As we enter into a brand new year, we are going to be focusing on the question, what does it mean to be human? This is a profound question and one that will take the whole of 2018 to even begin to address. It’s also a question that will help us to explore what the Bible says about the essential elements that make up our humanity.

The word ‘glory’ is notoriously difficult to define. For example, think of Usain Bolt’s staggering speed and the hair-raising notes of Handel’s Messiah; or the roaring of an Asiatic lion and the breach of a great white shark. Witnessing such realities, we instinctively sense glory without fully knowing what we mean.

Glory is part of life as we know it and also part of a future life we barely know at all.

To help explain, in his essay The Weight of Glory, C. S. Lewis puts it like this:

We want something else which can hardly be put into words—to be united with the beauty we see, to pass into it, to receive it into ourselves, to bathe in it, to become part of it.

Isaiah’s Glory

Like a thousand roaring lions or a million breaching sharks, Isaiah is a book of glory. For example, we read of the prophesied birth of Jesus in chapter 9 and His unimaginable suffering towards the end in chapter 53.

In studying Isaiah, we come to witness the glory of the living God that we see in lesser ways in our ‘here and now’. We desire and, somehow, want to become part of something that often feels just out of reach.

We Exist For His Name’s Sake

Digging deeper, there are specific passages in the book of Isaiah that make it abundantly clear that the God of glory has made and saved us not primarily for ourselves but for the sake of His name.

I will say to the north, ‘Give them up!’ and to the south, ‘Do not hold them back.’ Bring my sons from afar and my daughters from the ends of the earth – everyone who is called by my name, whom I created for my glory, whom I formed and made.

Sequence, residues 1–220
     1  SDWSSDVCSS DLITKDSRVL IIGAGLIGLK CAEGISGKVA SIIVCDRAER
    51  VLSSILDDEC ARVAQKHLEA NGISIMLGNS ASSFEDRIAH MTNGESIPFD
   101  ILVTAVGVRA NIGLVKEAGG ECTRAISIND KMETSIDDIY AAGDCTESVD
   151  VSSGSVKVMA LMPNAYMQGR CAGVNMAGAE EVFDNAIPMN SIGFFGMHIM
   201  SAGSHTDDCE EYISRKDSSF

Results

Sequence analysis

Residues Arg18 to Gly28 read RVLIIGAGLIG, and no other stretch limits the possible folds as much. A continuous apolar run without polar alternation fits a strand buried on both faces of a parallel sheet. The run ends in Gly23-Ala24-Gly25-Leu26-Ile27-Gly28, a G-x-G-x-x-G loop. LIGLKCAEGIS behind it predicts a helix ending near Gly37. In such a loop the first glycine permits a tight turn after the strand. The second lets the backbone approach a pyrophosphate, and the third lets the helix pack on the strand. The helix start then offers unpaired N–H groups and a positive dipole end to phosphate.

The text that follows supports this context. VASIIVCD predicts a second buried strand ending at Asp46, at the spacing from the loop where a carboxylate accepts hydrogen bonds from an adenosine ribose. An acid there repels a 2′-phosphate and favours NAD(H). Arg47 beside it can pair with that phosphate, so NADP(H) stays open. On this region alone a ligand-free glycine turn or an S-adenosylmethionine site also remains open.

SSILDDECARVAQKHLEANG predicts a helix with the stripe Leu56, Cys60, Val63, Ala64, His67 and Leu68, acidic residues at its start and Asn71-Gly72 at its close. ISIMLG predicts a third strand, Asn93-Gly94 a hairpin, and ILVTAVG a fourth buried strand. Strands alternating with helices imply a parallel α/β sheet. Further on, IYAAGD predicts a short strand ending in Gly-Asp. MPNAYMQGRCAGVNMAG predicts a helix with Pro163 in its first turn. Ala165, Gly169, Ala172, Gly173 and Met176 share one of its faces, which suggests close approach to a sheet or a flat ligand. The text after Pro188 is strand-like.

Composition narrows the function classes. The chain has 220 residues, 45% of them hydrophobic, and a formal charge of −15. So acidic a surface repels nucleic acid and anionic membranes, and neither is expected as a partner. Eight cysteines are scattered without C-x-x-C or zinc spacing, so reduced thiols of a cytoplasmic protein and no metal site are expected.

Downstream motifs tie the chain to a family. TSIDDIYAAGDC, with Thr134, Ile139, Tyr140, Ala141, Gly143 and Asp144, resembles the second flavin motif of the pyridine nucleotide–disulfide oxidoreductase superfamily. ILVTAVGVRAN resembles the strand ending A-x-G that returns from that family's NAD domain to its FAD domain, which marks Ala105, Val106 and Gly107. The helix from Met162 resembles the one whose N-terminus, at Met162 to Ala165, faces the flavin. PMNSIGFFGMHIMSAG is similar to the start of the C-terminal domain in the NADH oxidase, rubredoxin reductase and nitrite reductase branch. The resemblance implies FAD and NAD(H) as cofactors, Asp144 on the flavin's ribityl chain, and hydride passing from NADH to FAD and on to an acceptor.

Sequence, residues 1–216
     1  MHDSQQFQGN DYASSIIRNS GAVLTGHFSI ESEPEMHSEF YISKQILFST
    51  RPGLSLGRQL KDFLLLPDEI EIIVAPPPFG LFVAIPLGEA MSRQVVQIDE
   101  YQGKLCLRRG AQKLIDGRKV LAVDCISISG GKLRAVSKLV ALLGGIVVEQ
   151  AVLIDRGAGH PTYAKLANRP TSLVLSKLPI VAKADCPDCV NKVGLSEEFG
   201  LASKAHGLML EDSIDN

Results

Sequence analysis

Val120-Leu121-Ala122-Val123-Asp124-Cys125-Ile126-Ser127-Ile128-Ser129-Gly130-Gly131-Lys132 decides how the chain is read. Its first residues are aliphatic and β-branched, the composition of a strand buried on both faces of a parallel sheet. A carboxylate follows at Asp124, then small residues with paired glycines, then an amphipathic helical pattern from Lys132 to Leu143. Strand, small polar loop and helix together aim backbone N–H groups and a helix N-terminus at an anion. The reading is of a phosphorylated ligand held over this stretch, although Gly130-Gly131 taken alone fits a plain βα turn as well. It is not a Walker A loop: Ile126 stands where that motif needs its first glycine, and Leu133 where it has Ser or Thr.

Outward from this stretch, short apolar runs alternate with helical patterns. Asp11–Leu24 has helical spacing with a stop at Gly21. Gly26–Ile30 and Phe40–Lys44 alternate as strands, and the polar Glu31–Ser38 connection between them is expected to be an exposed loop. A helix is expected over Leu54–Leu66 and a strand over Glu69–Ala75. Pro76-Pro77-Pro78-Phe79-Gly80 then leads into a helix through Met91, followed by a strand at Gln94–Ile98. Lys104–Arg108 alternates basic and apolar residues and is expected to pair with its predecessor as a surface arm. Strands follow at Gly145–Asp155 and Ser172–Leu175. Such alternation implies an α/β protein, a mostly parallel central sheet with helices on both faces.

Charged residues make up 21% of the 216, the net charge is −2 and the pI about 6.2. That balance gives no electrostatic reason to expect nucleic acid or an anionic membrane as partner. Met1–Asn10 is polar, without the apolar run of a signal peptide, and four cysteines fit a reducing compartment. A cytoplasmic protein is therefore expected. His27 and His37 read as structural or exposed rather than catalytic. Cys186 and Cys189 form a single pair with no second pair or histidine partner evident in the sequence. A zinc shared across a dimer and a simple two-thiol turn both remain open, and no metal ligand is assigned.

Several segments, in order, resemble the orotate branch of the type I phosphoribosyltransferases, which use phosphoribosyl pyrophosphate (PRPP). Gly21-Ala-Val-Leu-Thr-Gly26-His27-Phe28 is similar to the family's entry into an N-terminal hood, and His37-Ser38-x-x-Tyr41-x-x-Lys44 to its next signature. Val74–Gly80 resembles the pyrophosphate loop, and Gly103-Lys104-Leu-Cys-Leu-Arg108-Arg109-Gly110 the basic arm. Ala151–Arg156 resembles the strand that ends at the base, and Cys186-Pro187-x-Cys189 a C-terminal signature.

Isaiah 43:6-7 (NIV)…the people I formed for myself that they may proclaim my praise (glory)…
Isaiah 43:21 (NIV)

It shouldn’t surprise us that at the climax of our humanity is not our loveliness to God, but rather His own glory to which our humanity has always been intended to point.

In other words, you and I are made for the glory of God.

Making A Name for Ourselves

Since the primeval account of the Tower of Babel in Genesis 11 and the astounding pride of humanity, we have seen that our preoccupation throughout history has been in wanting to ‘make a name for ourselves’ (Genesis 11:4, NIV).

Conversely, when we behold and worship God from the heart and come to know Him as Friend – just as Abraham does in the next chapter – we see that it is God who makes a name for us (Genesis 12:2).

Culture’s Glory Today

Surveying our society and culture today, it’s awful to think how far we’ve fallen from the glory presented in Isaiah chapter 43. Just like at Babel when humanity strayed, miserable and pitiful substitutes have arisen that dishonour God and abjectly fail to deliver any glory at all.

Understanding this glorious capstone of our humanity means that we needn’t strive or plot or scheme. Instead, at the seat and source of all of our motivations, Jesus of Nazareth means to sit enthroned as King. This is not for the fancies and comforts of our tiny little postcodes, but for the fame of His great name in every nation of the world.

What does Paul say in 1 Corinthians 10?

…whether you eat or drink or whatever you do, do it all for the glory of God…”
1 Corinthians 10:31 (NIV)

And in Galatians?

I have been crucified with Christ and I no longer live, but Christ lives in me. The life I now live in the body, I live by faith in the Son of God, who loved me and gave himself for me.
Galatians 2:20 (NIV)

This is ultimately what it means to be human: living and dying for the glory of God and becoming one with the Son of glory himself.

Through the good news of the Bible, C. S. Lewis was right – we do get to become part of it.